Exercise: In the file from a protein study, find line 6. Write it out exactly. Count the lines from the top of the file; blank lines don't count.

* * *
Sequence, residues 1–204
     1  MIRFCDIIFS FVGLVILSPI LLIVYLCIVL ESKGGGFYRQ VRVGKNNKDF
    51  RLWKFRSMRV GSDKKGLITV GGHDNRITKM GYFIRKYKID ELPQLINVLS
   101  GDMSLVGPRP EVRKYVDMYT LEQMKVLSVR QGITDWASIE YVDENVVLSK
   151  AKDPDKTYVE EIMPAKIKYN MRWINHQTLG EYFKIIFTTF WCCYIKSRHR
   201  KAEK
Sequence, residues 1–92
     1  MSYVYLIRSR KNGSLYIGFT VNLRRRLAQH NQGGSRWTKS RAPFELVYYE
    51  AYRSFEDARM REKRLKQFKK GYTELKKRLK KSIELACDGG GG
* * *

   201  KAEK